UN chief showcases success stories of peace
"One year ago in this room, I spoke of winds of hope despite the chaos and confusion of our world. Since then, some of those currents continued to move in promising directions," he told world leaders gathered at UN Headquarters for the high-level week of the UN General Assembly -- the General Debate.
Against the expectations of many, elections unfolded peacefully in Madagascar, the Maldives, and the Democratic Republic of the Congo, to name just a few, he said.
Greece and the Republic of North Macedonia resolved their decades-long name dispute. Political dialogue in Sudan and the peace process in the Central African Republic have brought renewed hope, he noted.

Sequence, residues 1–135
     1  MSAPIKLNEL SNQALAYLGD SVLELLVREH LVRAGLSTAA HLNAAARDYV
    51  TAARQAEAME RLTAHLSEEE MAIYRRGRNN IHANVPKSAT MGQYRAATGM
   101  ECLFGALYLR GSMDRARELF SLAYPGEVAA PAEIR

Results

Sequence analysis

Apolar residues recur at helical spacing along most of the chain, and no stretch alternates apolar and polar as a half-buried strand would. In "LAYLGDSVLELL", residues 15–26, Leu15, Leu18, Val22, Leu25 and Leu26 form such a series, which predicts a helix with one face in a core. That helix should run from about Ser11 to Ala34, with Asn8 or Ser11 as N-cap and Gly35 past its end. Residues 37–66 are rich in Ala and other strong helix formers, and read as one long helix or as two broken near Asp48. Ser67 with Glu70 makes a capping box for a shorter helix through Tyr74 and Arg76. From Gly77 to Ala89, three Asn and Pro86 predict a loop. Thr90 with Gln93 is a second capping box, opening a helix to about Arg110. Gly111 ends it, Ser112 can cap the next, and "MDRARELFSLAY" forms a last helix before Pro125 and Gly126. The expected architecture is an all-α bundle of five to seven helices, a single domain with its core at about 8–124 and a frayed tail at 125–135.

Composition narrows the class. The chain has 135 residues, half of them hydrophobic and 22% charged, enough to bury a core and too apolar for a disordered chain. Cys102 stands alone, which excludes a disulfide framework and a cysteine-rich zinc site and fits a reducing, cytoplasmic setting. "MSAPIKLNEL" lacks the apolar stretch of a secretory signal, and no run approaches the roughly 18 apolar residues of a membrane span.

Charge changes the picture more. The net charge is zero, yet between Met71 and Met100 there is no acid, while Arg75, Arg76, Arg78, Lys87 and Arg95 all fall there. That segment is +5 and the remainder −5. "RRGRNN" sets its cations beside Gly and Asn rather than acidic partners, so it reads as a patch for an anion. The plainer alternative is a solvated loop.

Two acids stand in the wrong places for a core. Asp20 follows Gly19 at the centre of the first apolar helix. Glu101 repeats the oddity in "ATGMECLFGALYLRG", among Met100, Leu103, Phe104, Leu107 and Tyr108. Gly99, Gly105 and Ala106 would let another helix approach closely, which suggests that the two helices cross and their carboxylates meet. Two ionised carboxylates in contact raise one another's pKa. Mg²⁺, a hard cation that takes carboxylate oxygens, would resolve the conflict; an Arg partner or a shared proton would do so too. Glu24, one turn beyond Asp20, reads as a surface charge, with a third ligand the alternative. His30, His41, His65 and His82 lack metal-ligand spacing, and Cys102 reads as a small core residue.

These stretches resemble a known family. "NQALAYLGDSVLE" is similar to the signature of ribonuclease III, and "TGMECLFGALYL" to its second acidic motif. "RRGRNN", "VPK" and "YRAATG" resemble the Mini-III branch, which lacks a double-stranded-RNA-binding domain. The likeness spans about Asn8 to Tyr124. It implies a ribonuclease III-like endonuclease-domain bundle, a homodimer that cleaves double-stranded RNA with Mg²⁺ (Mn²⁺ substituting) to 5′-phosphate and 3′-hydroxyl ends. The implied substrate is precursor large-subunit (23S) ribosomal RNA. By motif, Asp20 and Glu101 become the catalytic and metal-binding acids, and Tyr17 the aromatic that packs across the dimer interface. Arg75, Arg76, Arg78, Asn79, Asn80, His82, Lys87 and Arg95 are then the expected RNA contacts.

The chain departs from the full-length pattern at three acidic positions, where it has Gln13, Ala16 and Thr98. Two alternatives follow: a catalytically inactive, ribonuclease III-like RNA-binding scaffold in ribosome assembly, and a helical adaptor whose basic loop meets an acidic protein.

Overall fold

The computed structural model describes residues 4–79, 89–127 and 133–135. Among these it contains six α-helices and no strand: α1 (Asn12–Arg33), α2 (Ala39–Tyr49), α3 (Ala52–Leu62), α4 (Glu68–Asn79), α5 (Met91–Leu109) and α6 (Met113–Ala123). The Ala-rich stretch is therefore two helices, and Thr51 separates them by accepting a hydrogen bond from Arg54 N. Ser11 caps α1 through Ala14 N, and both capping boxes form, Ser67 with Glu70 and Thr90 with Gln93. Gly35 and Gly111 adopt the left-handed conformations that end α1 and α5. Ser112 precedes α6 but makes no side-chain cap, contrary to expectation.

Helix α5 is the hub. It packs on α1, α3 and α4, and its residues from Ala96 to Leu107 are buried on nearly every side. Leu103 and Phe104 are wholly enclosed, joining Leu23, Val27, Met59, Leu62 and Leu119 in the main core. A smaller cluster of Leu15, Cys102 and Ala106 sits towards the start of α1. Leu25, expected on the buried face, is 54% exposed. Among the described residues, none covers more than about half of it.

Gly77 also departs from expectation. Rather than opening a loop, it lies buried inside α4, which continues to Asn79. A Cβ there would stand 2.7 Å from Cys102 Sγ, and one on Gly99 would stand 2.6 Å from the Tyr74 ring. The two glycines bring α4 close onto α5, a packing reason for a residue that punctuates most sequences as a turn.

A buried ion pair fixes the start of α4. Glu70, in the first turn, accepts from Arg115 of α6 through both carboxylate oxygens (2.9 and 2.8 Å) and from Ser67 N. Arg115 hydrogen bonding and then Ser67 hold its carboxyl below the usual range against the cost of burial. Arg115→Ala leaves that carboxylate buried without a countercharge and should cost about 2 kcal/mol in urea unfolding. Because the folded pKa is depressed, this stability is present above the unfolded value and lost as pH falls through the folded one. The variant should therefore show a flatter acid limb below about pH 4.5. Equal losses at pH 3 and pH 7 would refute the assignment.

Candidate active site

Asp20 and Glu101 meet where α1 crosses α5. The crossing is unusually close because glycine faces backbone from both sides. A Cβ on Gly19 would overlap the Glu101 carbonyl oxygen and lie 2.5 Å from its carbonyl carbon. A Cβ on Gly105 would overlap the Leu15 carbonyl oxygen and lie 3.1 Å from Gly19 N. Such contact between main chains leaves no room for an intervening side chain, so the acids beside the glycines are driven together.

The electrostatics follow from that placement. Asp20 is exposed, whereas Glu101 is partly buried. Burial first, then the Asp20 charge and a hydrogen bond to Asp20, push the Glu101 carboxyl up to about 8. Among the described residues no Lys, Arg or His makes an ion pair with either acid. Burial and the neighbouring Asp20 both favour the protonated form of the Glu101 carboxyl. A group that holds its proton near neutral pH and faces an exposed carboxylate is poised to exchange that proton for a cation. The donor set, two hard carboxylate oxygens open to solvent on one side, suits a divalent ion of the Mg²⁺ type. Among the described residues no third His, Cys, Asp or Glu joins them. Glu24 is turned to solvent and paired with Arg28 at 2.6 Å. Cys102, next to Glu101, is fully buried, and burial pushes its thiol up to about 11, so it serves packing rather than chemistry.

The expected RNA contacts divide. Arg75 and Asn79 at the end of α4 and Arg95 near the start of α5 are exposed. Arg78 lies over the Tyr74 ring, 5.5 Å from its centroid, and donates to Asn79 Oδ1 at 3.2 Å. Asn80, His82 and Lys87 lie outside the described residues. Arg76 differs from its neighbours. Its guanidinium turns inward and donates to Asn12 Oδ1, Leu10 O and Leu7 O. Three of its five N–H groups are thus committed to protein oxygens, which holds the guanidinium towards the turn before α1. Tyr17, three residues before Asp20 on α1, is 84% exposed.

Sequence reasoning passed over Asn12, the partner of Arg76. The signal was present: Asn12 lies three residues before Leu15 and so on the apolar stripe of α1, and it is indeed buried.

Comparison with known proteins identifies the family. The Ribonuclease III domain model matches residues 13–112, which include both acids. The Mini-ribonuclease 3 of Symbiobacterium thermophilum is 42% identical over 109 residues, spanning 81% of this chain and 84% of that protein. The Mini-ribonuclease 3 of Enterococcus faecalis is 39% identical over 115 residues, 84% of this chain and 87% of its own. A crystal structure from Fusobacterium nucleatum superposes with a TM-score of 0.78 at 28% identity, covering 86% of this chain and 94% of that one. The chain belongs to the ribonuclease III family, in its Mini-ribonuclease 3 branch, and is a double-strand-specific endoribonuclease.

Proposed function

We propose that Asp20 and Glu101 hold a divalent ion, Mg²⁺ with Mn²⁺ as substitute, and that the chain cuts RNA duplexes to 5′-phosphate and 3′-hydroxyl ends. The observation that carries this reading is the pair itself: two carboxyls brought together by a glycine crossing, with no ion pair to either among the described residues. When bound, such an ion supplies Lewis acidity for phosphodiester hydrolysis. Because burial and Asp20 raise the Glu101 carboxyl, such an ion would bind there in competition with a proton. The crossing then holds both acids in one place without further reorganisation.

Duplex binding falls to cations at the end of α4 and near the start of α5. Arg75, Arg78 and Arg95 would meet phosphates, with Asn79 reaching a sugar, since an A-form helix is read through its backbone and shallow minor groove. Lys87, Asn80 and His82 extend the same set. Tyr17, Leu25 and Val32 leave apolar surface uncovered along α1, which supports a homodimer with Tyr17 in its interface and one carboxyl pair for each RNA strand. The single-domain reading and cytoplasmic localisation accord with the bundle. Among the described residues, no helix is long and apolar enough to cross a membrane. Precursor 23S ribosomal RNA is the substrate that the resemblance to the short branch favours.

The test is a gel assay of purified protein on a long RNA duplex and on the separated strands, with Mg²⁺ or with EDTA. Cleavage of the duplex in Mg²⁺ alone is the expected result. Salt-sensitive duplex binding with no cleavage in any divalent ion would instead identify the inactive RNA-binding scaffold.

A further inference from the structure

In Syria, a long-sought step forward has just been taken on the political path out of the eight-year-old war. An agreement has been reached with all parties involved for a credible, balanced and inclusive constitutional committee tasked to rewrite the constitution for the war-torn country, he said.
"My Special Envoy (Geir Pedersen) just left Damascus after finalizing the last details with the government and the opposition. The United Nations looks forward to convening the committee in Geneva in the coming weeks."
Despite the above-mentioned achievements, conflicts persist, terrorism is spreading and the risk of a new arms race is growing, he warned.
"Outside interferences, often in violation of Security Council resolutions, make peace processes more difficult. And so many situations remain unresolved, from Yemen to Libya to Afghanistan and beyond. A succession of unilateral actions threatens to torpedo a two-state solution between Israel and Palestine. In Venezuela, 4 million people have fled the country -- one of the largest displacements in the world. Tensions are elevated in South Asia, where differences need to be addressed through dialogue," Guterres said.